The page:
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International Trade and Industry Minister Takeo Hiranuma on Friday played down the impact of soaring crude oil prices on the economy and stressed the importance of dialogue between oil-consuming and -producing countries.

Citing the decline of Japan’s dependence on crude oil in its economic activities and sufficient stockpiling by both the public and private sectors, Hiranuma said Japan should not seriously worry about the impact of the rise in oil prices.

“We are not in a panic situation,” Hiranuma told a regular news conference. “Under the current supply and demand (situation), there is no oil shortage. We can say that it is balanced or supply slightly exceeds (demand).”

Hiranuma also touched on remarks made earlier this week by Keizo Okabe, chairman of the Petroleum Association of Japan, that if oil prices continue rising at the current pace, they may increase the annual cost of gasoline and kerosene per household by 30,000 yen.

“This is certainly not something that we can ignore. However, if oil-consuming countries send out a clear message and have dialogue with oil-producing countries, I believe the situation will calm down,” Hiranuma said.

Crude shock to growth

Rising crude oil prices will reduce Japan’s economic growth by a real 0.1 percentage point in fiscal 2000, according to a report by a private research institute.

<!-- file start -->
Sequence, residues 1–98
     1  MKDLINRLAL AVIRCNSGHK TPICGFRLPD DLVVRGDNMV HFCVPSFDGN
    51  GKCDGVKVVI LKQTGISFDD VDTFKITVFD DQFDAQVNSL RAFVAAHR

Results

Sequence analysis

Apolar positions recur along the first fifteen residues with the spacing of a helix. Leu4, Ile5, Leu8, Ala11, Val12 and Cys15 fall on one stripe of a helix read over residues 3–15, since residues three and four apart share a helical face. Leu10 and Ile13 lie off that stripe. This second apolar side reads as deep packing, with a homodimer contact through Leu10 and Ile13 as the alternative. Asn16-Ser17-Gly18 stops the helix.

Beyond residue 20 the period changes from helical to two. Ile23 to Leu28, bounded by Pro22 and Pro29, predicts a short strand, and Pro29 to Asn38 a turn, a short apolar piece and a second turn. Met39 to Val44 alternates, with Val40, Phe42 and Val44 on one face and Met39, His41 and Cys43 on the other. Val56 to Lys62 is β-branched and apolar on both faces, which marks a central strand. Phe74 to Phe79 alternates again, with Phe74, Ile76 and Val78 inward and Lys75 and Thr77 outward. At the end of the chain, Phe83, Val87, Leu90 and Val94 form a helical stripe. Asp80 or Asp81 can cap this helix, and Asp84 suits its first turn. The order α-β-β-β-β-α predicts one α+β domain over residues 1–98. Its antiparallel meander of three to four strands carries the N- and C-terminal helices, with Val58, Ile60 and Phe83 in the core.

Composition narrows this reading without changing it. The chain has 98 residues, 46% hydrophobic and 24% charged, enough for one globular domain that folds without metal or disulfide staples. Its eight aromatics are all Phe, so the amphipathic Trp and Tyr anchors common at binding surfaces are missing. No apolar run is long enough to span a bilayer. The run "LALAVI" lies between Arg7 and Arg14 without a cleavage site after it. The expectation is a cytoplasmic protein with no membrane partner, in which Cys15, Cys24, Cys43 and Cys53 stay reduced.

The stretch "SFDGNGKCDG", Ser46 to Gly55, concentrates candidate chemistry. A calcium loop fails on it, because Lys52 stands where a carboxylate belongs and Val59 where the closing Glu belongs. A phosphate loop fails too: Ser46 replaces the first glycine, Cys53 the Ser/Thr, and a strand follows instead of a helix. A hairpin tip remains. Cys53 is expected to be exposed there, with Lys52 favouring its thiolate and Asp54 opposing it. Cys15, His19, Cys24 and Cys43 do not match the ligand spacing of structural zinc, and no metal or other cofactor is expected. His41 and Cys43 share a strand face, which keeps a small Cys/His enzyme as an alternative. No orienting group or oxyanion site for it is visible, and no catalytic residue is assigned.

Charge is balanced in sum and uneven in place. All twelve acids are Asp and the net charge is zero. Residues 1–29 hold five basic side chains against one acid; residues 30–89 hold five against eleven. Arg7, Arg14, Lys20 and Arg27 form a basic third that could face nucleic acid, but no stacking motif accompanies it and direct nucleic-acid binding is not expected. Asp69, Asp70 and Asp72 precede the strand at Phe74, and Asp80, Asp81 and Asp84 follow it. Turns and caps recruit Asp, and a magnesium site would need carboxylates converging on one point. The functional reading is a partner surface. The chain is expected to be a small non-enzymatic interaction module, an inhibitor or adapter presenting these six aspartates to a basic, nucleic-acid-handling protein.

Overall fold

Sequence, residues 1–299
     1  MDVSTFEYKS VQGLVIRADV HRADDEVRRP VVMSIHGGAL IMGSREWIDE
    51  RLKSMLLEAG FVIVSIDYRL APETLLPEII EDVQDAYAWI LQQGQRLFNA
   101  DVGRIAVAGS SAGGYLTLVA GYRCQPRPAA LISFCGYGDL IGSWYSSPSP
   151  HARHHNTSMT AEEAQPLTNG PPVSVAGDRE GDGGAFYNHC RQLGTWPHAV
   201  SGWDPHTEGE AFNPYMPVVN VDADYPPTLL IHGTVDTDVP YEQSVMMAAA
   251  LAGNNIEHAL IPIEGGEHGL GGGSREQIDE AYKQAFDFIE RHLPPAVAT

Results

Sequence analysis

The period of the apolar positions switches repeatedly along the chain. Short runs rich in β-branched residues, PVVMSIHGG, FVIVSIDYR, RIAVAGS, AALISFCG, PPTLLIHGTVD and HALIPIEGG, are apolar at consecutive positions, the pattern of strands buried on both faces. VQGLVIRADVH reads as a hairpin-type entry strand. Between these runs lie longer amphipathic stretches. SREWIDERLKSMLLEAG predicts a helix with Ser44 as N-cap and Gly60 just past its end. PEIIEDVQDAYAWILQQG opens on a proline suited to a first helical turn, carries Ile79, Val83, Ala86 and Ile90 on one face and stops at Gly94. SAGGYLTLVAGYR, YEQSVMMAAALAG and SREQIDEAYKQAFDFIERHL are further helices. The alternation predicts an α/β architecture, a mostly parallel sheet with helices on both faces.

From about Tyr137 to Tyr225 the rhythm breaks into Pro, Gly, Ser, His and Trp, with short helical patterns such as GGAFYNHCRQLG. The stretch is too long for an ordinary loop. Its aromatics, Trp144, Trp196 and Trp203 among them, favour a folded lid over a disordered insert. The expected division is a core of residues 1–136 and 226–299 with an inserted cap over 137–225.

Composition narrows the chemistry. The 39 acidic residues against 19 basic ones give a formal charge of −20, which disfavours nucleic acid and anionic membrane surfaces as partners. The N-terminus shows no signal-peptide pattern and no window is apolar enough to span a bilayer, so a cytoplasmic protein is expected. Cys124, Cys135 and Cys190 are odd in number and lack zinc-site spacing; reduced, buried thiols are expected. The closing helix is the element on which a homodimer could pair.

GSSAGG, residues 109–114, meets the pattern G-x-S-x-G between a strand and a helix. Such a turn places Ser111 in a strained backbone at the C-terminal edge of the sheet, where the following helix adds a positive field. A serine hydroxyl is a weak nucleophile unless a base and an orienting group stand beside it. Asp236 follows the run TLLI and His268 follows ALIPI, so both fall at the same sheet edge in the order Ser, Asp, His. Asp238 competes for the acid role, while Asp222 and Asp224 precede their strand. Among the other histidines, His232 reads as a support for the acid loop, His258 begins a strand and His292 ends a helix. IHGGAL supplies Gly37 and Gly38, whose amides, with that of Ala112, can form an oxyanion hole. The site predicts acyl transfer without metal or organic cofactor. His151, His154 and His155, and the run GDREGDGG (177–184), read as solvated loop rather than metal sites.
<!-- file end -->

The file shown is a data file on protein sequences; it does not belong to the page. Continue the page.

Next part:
Shinko Research Institute, affiliated with Shinko Securities Co., also said a climb in the import price of crude oil by $10 per barrel will restrict growth of gross domestic product by 0.2 point in fiscal 2001.

Growth in corporate capital investment will be choked back 0.4 point in the current fiscal year and 1.5 points next year as a result of the oil price hike, it said.

If the higher oil prices hamper the global economy and hit Japanese exports, the effects will double, said Tadao Oshita, economist at the institute in charge of the report.

“The higher oil price will certainly slow down Japan’s economic recovery, although we do not expect it to pull the economy back into a recession,” he said.

The benchmark crude oil price in New York hit $37.20 per barrel Wednesday, its highest level since the 1991 Persian Gulf War.

The import price of crude oil in Japan averaged $20.70 in fiscal 1999, which ended March 31. The price rose to $29 in August and is likely to advance further, he said.

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